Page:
The Administrative Office of the Courts just released the FISC annual report, the first full year report issued after USA Freedom Act.
I’ll work on more analysis in a moment, but wanted to point to something that is fairly remarkable, if I’m reading the report correctly.
Here’s the top line report for the year. Note, in particular, the 1881a line.
As last year’s report did, this year’s redacts the number of certificates the government applied for. But then the footnote reads, in part,
The government submitted this number of certification(s) during calendar year 2016 but the Court did not take action on any such certification(s) within the calendar year.
That, plus the “0”s in the table, seems to state clearly that the FISC did not approve last year’s Section 702 application.
What that likely means, given the precedent set in 2011, is that the government submitted applications (usually they do this with a month of lead time), but the court would not approve the applications as submitted. In 2011, the government got a series of extensions, so 702 never lapsed. The prior approval before last year was November 6, 2015, so it would only have had to have been extended 2 months to get into this year. So that seems to suggest there was at least a three month (application time plus extension) delay in approving the certifications for this year.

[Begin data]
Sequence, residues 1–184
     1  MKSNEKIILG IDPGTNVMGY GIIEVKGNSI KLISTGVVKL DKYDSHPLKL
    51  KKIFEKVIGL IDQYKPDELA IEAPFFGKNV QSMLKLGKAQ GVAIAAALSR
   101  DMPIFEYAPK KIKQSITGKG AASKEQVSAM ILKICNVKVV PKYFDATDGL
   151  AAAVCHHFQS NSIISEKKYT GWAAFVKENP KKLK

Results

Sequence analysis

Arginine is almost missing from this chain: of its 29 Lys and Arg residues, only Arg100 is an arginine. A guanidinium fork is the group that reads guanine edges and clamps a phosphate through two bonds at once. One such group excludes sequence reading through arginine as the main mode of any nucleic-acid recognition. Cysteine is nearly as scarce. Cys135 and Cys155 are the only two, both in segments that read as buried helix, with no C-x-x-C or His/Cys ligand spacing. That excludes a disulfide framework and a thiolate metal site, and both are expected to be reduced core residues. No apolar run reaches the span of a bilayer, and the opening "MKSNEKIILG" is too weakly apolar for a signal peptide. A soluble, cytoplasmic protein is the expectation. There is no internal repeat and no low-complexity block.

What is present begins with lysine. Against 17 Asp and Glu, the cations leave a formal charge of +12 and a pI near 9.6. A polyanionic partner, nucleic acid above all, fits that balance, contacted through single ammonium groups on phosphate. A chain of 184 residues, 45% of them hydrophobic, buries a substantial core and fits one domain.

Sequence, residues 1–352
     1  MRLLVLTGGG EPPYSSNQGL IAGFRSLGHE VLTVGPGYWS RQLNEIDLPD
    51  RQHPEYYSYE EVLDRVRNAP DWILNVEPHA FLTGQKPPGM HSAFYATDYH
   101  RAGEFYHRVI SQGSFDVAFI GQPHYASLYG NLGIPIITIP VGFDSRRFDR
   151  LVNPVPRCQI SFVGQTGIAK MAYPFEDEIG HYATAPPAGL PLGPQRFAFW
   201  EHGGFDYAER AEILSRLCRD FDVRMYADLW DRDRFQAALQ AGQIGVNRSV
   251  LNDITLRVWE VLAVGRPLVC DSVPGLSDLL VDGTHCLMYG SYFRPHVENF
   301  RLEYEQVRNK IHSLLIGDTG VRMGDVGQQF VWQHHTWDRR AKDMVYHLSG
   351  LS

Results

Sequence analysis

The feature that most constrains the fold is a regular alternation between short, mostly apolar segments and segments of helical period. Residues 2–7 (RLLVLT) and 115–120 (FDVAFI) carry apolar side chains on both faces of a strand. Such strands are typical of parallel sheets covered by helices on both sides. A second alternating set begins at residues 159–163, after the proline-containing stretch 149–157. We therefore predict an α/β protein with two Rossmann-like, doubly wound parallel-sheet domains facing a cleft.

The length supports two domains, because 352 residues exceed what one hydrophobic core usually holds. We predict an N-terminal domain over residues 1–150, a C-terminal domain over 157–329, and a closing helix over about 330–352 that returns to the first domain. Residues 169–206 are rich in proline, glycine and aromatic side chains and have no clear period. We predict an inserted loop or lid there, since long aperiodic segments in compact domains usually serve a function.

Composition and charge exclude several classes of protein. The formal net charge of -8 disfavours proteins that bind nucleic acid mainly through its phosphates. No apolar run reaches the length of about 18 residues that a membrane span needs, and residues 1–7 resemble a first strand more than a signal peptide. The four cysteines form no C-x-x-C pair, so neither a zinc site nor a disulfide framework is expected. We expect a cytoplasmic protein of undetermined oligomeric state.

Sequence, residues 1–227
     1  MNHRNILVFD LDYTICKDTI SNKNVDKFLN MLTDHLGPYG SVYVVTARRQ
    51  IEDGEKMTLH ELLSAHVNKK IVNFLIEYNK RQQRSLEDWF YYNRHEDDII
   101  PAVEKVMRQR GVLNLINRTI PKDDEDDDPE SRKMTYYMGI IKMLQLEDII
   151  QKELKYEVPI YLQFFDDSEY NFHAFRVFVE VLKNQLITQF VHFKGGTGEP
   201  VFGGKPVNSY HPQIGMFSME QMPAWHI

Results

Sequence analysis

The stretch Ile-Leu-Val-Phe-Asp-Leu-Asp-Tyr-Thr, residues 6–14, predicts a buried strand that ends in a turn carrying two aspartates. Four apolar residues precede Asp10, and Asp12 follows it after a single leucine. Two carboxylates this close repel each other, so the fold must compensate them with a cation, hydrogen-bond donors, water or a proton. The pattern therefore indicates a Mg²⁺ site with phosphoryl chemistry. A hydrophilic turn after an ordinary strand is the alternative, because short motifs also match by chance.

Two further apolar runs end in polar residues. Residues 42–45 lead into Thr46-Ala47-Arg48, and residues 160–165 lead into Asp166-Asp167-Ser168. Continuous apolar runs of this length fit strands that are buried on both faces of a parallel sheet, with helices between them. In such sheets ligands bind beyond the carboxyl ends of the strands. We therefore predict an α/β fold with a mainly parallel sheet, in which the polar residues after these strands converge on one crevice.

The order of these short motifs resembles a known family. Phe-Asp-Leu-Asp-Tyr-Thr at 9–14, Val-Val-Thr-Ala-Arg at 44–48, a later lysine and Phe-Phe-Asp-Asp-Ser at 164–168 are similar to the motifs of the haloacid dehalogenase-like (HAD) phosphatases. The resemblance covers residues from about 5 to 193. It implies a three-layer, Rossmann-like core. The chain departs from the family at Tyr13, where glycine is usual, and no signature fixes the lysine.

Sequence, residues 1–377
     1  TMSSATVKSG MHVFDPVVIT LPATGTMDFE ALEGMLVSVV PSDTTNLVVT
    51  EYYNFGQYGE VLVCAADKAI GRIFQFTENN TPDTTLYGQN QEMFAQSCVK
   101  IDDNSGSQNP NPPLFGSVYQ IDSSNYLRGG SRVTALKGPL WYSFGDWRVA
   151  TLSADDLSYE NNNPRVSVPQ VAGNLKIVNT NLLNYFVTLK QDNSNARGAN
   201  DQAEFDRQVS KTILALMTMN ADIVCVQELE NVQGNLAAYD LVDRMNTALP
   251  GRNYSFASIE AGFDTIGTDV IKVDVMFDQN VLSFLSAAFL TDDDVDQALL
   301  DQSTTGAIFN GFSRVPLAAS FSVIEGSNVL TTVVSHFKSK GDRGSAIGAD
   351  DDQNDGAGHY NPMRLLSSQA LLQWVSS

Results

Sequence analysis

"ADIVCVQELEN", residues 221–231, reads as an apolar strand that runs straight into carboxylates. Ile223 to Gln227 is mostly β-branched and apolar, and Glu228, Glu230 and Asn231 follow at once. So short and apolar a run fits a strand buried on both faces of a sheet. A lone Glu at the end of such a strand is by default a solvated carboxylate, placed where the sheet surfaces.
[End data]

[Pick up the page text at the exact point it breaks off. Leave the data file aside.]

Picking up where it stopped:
Note, too, that the report shows the only amicus appointed last year was Marc Zwillinger for a known PRTT application, so this hold up wasn’t even related to an amicus complaint.
In any case, this may reflect significant issues with 702.
Update: Here’s the 2011 702 opinion, which documents the last known time this happened (though there must have been a roughly month-long delay once since then). After submitting an application in April for May reauthorization, the government got two 60-day extensions, and one more month-long extensions, with final approval on October 3, 2011. It appears there was no big problem with getting the extensions (though at one point, Bates had a meeting with DOJ to tell them he was serious about the reapproval process), so presumably any extension in November would have been granted without much fuss.
One other thing that is worth noting. On September 27, 2016, then Assistant Attorney General John Carlin announced he would be leaving in a month. Mary McCord (who announced her own departure today) took over on October 15. So the transition between the two of them would have happened in the weeks before the certificates would have normally been reauthorized. Whatever Carlin’s reasons for leaving (which has never been made public, as far as I know) the transition between the two of them may have exacerbated any delay.